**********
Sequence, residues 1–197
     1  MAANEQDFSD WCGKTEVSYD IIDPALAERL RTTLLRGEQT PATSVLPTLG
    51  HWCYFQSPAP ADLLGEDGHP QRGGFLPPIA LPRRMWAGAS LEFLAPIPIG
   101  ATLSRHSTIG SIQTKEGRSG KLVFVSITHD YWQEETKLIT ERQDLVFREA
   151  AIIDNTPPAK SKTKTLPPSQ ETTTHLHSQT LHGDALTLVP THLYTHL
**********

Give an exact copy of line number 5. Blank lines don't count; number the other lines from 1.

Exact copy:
   151  AIIDNTPPAK SKTKTLPPSQ ETTTHLHSQT LHGDALTLVP THLYTHL